Remember this summer, when a new Toyota Prius hybrid would cost you $25,000 and your first-born? Well, the acknowledgment of a year-long recession and rock-bottom gas prices have turned demand for the most fuel-efficient car in the country upside down.
In an inventory search on Cars.com, we found 1,241 for sale within 500 miles of Chicago. That compares to just three Toyota Camry Hybrids in the same area and 124 Ford Escape Hybrids.
Now, our inventory only searches what’s advertised, but it’s still one indication of changing tastes. Last month, Toyota sold 8,660 Prius models, down from 16,737 in November 2007 and its lowest monthly sales figure in years. However, this summer’s highest total was also lower than last November, at 14,785 sales in July. That was during the height of the gas crisis, when Toyota didn’t have the capacity to build enough to meet demand.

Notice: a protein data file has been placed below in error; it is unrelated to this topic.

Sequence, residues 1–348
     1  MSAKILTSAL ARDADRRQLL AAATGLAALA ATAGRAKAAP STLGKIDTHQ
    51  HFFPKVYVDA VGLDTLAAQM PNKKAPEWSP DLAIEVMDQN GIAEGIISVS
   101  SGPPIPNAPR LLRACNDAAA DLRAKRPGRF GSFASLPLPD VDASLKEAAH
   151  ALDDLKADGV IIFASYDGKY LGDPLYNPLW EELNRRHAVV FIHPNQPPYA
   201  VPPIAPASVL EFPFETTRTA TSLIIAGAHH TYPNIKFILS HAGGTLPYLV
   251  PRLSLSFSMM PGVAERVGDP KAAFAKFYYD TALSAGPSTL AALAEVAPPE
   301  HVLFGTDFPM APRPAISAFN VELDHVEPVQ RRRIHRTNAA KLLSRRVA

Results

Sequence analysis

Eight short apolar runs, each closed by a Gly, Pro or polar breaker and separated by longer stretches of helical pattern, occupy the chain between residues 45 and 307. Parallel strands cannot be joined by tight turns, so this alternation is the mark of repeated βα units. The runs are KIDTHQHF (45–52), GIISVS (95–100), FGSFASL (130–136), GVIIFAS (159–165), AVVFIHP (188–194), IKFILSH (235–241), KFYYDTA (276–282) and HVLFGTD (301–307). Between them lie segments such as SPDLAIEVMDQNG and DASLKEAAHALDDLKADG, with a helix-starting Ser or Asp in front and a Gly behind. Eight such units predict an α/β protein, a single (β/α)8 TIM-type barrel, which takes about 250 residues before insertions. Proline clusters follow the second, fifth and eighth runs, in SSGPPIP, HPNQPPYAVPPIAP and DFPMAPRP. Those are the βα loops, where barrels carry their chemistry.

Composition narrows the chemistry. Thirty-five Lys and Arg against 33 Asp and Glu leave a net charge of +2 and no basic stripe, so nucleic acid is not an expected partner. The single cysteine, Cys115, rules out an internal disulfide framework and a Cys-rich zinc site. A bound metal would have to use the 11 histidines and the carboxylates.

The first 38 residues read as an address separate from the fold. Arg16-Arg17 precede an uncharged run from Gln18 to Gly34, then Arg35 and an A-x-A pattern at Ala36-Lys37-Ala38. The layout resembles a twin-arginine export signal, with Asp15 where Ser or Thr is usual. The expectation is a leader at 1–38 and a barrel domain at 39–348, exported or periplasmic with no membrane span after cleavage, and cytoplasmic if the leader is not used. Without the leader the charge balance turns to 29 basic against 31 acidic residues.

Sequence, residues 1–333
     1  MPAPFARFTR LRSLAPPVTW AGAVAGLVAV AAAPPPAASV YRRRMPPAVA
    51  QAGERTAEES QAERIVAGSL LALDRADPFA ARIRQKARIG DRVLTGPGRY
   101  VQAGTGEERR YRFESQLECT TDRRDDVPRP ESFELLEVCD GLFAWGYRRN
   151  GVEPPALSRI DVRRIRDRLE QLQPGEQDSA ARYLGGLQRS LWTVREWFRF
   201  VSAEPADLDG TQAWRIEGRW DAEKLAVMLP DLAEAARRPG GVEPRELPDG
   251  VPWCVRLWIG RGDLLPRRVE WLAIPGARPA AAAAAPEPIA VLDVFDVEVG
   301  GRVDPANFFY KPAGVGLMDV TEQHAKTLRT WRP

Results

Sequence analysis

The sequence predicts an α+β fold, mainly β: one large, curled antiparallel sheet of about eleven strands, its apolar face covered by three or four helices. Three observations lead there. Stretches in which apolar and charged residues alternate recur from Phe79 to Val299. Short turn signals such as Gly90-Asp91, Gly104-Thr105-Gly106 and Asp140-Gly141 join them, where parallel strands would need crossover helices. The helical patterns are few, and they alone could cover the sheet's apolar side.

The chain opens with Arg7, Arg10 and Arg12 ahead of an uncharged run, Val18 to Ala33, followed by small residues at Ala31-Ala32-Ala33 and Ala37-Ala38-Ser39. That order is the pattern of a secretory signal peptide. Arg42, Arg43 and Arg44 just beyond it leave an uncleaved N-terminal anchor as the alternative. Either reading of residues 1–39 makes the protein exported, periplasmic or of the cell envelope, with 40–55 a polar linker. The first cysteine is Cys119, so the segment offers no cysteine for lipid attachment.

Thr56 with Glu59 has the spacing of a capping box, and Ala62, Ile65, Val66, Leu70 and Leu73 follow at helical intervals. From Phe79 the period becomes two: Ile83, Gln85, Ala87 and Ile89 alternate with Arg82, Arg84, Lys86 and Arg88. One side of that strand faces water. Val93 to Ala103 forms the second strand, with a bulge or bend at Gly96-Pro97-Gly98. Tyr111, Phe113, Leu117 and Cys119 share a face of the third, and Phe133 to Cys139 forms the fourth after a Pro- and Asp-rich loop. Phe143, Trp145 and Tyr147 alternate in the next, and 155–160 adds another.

Toyota sold 2,174 Camry Hybrids last month, but given inventory it looks like demand is higher for them despite smaller sales numbers. The only two Toyota models to see an uptick last month were the Sequoia and Lexus LX 570, which are two gigantic SUVs.
What does this mean? Does it say gas prices have turned buyers off the most well-known hybrid on the market? Are hybrid buyers more likely to wait out bad economic times to buy a new car than other shoppers? Or does it say that building hybrids doesn’t mean people will pick them over standard gas-powered vehicles that cost less?